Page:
Note: You might want to read What’s All This About Roleplaying Without a GM? first!
If you try to play without a GM, who does all the … erm… GM stuff?
An idea: what if we took a (hypothetical) perfect GM, cut them into pieces, and then gave each player one of the pieces? Mwhaahahah! Then each player would be able to contribute something, and together, by their powers combined, they would be the perfect GM. Fiendish!
This is what I call the Distributed GM.
Let’s start by listing the various attributes that make up the perfect GM. Then we can dismember the GM, and distribute the parts.
The truly perfect GM would somehow manage to do all of the following:
- Bring an awesome adventure, set in a wonderful world just brimming with further adventures.
- Describe everything with richness and detail.
- Make memorable, personality-filled NPCs – and play them convincingly and entertainingly.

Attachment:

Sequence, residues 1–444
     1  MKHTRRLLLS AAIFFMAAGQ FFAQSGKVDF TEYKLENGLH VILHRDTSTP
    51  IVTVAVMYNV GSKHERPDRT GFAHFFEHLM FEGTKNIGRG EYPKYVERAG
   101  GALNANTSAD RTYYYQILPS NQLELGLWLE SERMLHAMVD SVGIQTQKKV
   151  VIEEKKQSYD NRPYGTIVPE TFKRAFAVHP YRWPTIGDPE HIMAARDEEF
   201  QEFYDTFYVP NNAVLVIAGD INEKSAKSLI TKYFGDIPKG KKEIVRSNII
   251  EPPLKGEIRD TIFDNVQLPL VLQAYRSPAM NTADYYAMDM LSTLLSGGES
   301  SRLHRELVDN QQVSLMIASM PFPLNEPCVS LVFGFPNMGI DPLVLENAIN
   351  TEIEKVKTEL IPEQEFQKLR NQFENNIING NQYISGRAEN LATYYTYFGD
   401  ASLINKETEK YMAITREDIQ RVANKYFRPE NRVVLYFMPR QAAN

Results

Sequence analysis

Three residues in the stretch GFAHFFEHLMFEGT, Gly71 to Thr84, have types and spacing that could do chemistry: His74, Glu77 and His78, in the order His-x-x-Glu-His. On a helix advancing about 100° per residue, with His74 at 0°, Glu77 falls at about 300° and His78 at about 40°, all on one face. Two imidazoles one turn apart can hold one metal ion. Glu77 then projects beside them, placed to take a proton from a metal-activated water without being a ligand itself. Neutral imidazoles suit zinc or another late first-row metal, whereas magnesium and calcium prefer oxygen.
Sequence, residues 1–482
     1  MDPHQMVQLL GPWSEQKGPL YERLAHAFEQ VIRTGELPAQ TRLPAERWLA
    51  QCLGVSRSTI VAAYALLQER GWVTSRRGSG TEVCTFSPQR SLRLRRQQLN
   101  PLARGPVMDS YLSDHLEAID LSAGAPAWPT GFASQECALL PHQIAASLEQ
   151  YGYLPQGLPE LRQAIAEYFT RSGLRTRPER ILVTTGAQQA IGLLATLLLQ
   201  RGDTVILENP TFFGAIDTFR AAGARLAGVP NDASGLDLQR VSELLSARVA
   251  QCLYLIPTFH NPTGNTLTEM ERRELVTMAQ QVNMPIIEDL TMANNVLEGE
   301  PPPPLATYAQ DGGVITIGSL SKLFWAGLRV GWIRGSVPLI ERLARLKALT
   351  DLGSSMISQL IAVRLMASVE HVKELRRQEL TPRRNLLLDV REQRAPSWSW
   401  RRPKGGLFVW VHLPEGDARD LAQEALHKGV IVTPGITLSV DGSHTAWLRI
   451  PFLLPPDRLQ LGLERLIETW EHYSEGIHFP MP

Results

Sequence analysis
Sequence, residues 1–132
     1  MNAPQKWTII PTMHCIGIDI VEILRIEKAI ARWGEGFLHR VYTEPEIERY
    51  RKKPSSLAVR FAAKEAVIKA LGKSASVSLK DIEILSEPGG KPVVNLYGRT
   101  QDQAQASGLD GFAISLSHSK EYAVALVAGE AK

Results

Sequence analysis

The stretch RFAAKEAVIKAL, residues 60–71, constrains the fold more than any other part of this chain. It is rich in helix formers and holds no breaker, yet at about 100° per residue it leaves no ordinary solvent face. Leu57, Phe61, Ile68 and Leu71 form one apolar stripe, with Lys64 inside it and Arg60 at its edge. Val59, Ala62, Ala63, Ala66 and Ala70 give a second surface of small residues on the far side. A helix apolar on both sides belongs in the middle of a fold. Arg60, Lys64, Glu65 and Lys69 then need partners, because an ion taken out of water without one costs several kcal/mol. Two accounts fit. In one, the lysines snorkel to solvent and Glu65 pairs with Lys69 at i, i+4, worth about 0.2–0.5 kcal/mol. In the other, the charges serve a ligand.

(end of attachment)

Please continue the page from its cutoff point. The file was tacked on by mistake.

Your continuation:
- Take extensive notes to remind people what happened last session, and five sessions before, and what that guy’s name was who we met back at the start of the campaign…
- Know the game rules – and know how to apply them in fair and fun ways.
- Keep everyone on task, in the service of maximum fun.
- Keep the story moving forward into fun new territory, without ever letting it drag or stall.
There are probably a lot of other things that the truly Perfect GM would do (pay for everyone’s pizza?), but that’s enough for now.
Now let’s cut this perfect GM into pieces!
We’re going to give the first of these pieces – creating the adventure, and the world it’s set in – to a fairly extensive system of tables. I explain why here: The Problem of Player-Created Adventures. If you want to toy around with my adventure-creation system itself, head over to A System for Creating Adventures – or head to A System for Creating Fantasy Worlds, if that’s more your bag.
But even if we’ve got adventure-creation and world-creation covered, we still need to think about what to do with the other pieces of the perfect GM. Without a GM, who is going to serve all those other usual social functions – like keeping everyone on task, making rule judgments, and so on? Enter the Distributed GM.